Hand-held surface finishing power tools, such as hand-held rotary polisher 102 in FIG. 1, are well-known in the art. Rotary polishers are often used by original equipment manufacturers, auto body shops, and professional detailers to sand, polish, or otherwise finish surfaces on vehicles such as automobiles, recreational vehicles, boats, aircraft, and other vehicles. Rotary polishers can be used for polishing other surfaces as well, such as those on buildings, bridges, and other structures. Rotary polishers are sometimes called rotary buffers, variable speed buffers, buffing or polishing machines, circular polishers, or orbital polishers. Some exemplary rotary polishers include the DeWalt DW849 7″/9″ Electronic Variable Speed Polisher, Milwaukee 5460 7/9 in. Dial Speed Control Polisher, Makita 9227C 7″ Electronic Sander-Polisher, and Porter Cable 7424 6″ Variable-Speed Random-Orbit Polisher.

Rotary polisher 102 includes rotatably attached finishing disk 104 comprising disk-like backing pad 112 upon which a buffing pad 106 can be placed. While a user holds the polisher against a work surface, the polisher rotates the buffing pad against the work surface at a range of angular velocities depending upon the model, e.g., 600, 1000, 1800, 3000, or 3600 revolutions per minute (RPM). Some models of buffing machines have variable speeds which allow a user to control the angular velocity or rotation speed of the tool. Some models have an adjustable governor setting which limits rotation speed, which can be used for more sensitive operations where too much speed could cause damage to the work surface. Non-rotary surface finishing power tools are also available, such as those that vibrate a pad or employ a belt.

On many hand-held polishers, the speed of the device is controlled by a trigger switch on a handle, such as speed control trigger 108 on handle 110 of polisher 102. The placement of speed control trigger 108 allows a user to grip handle 110 with one hand and comfortably depress speed control trigger 108 with the same hand's index finger, thereby allowing an uninterrupted grip of handle 110. The user's other hand can hold a handle (not shown) on the distal end of the polisher to direct and stabilize finishing disk 104 on a work surface.

A wide variety of attachments can serve as finishing disk 104 on rotary polisher 102. Finishing disks can include sisal wheels, spiral sewn cotton wheels, loose cotton wheels, canton flannel wheels, acrylic buffing wheels, treated spiral sewn wheels, scrubber wheels, cushion buffs, denim buffing wheels, domet flannel wheels, expanding sander wheels, facer buffs, finger buffs, flap wheels, mushroom buffs, sanding drums, razor buffs, scrubbing mushroom buffs, string buffs, vented buffs, treated vented buffs, and other finishing attachments. Circular buffing pad 106 wraps around rigid or semi-rigid backing pad 112, which can be made of rubber, phenolic resin, metal, or other types of suitable material. A backing pad is sometimes called a back-up plate. Because of the way buffing pad 106 wraps around backing pad 112, buffing pad is sometimes called a polishing bonnet. Other styles of buffing pads include those that attach to the backing pad by hook-and-loop fasteners (e.g., VELCRO®). Buffing pad 106 can be made of soft fabric, such as cotton, wool, nylon, or foam and are often between ⅞ and 1¼ inches thick.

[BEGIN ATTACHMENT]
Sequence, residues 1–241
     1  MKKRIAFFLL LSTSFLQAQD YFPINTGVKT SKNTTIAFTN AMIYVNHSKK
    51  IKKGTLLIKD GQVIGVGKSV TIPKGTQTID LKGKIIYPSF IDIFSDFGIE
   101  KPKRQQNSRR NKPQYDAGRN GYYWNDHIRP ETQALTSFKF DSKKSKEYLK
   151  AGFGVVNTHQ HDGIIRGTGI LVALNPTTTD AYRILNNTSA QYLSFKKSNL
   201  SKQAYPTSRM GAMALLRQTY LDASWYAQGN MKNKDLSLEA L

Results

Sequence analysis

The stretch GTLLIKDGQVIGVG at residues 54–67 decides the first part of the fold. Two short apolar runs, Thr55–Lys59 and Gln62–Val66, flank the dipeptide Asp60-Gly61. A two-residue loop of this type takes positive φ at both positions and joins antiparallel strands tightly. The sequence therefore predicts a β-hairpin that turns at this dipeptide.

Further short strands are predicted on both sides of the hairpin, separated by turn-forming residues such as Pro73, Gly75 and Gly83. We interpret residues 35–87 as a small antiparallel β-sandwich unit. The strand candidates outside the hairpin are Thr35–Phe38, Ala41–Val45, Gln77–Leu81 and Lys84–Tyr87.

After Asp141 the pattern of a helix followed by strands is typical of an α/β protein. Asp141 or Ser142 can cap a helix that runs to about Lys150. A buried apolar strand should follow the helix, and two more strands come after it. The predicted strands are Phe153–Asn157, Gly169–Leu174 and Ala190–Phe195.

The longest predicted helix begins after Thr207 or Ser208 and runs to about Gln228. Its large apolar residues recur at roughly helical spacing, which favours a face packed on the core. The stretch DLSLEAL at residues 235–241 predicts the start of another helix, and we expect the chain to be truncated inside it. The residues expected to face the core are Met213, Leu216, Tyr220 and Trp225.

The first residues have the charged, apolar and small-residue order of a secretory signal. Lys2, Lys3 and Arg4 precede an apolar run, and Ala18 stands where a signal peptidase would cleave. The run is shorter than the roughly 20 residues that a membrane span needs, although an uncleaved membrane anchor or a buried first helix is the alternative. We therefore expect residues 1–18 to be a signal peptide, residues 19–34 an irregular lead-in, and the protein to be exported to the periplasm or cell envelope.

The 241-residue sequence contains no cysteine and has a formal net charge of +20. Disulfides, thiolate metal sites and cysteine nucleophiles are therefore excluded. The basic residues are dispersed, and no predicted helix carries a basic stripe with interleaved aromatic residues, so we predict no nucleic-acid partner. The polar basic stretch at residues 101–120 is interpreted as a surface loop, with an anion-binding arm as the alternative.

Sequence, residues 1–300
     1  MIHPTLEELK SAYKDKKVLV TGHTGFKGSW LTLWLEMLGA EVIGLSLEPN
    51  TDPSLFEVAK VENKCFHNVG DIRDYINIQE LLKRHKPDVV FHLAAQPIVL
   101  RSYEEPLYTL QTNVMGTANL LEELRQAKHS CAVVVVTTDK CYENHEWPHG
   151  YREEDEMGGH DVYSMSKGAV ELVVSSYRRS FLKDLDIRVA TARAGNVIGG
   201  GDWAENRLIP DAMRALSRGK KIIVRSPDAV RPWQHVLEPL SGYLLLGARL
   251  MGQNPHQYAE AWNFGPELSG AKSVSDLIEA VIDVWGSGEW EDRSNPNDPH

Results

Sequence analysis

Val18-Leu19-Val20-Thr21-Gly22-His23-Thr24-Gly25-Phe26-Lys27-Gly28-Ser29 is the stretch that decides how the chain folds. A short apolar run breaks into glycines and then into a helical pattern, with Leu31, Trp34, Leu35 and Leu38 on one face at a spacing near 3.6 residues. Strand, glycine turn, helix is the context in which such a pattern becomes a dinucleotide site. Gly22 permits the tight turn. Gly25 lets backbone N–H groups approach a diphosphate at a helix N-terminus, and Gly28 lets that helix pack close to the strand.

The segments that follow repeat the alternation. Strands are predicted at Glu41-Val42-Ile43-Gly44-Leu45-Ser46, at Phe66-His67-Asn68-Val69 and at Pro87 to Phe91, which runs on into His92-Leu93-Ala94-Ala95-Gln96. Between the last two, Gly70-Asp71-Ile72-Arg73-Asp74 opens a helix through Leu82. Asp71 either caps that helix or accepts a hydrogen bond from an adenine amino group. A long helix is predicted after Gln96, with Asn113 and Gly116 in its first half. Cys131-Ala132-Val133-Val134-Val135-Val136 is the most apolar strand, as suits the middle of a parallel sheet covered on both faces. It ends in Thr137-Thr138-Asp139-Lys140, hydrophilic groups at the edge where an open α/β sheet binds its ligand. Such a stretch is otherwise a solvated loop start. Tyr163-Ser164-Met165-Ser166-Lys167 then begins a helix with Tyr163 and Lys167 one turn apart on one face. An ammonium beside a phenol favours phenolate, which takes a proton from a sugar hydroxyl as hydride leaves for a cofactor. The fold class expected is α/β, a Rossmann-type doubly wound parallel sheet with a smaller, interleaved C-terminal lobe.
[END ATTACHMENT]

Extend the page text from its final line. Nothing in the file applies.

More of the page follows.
Power polishers and sanders are somewhat interchangeable, depending on the job. By attaching a fine sanding disk to rotary polisher 102, the polisher can sand a surface.

The finishing pad employed often depends upon the material of the surface to be finished (e.g., aluminum, fiberglass, clear-coat), the stage of surface finishing, the ending smoothness required, the speed at which a customer requires work to be completed, the liquid polish used, cost, and other like factors. The same factors dictate the size of the pads employed. Pads come in various sizes, for example in 4, 5, 5¼, 6, 7, and 12-inch diameters.

During polishing, it is often desirable to apply a polishing compound to a surface to aide in polishing. The compound is often in liquid form, but can also be a general fluid form. In practice, liquid polish is often squirted from a bottle onto the work surface. Squirting the polishing liquid from a bottle usually involves a user stopping and setting down the buffing machine, picking up the bottle, squirting liquid polish onto the surface from the bottle, then picking up the buffing machine and restarting it. Such a process tends to be tedious and time consuming.

During sanding, water or oil can be applied to a work surface to reduce dust and lubricate and cool the tool and surface. Other fluids, such as air or inert gases can be dispensed (i.e., blown) on the surface for cooling as well.

Attempts have been made in the prior art to incorporate a liquid polish dispensing mechanism into a rotary polisher. However, such designs typically involve a redesign of the polisher so that components such as reservoirs, tubing, pumps, and nozzles can be plumbed inside the polisher. Also, integrated dispensers are not normally easily removed for cleaning. Some prior art designs dispense polish underneath the center of the buffing pad. However, with such designs it is difficult for an operator to see exactly when and how much product is dispensed when the finishing disk is held against the work surface and/or is spinning.

There exists a need for an improved liquid polish dispenser.

BRIEF SUMMARY OF THE INVENTION

Embodiments in accordance with the present disclosure relate to liquid polish dispensers for use with rotary polishers or other hand-held surface finishing tools. For example, certain embodiments relate to a liquid polish dispenser which can be longitudinally attached to a hand-held rotary polisher or other hand-operable surface finishing power tools such that a thumb-switch to operate the dispenser is conveniently placed proximal to and optionally opposite a trigger on the tool's handle. The dispenser can be firmly attached to rotary polishers by a strap strategically placed to avoid vent holes on the polishers. The thumb-switch activates an electric pump which pumps liquid polish through a nozzle and onto a work surface so that the user can easily determine how much and control the amount of liquid polish product that is dispensed.